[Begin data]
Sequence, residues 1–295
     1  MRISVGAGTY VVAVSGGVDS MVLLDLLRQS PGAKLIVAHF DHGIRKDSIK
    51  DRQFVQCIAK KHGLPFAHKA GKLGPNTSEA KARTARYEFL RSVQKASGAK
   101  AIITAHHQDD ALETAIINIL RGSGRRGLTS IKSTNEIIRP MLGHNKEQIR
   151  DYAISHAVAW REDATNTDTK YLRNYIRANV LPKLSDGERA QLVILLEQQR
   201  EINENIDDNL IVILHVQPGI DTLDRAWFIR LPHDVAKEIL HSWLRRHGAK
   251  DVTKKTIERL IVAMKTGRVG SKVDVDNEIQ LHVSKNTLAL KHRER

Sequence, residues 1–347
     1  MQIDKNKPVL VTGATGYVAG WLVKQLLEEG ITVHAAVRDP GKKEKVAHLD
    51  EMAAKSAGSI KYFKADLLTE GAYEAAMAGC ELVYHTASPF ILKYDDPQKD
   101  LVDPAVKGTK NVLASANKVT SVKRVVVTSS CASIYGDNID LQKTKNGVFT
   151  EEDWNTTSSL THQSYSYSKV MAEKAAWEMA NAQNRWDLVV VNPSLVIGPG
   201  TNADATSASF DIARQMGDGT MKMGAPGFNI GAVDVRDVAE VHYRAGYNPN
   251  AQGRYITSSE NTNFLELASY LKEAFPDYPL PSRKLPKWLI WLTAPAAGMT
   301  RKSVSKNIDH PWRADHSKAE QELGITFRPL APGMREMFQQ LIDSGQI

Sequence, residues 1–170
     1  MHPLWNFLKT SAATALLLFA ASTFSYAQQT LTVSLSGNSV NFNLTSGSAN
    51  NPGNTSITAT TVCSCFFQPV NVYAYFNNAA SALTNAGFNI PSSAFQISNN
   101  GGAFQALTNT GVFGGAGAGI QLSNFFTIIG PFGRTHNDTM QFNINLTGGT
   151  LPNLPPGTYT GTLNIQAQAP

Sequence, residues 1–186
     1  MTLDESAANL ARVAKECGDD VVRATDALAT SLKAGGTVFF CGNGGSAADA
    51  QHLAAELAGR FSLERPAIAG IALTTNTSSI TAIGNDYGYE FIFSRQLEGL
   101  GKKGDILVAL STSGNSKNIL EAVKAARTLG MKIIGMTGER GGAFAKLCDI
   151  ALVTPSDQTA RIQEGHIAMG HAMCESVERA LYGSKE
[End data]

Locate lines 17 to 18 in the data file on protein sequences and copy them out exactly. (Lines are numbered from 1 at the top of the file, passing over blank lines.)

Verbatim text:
     1  MHPLWNFLKT SAATALLLFA ASTFSYAQQT LTVSLSGNSV NFNLTSGSAN
    51  NPGNTSITAT TVCSCFFQPV NVYAYFNNAA SALTNAGFNI PSSAFQISNN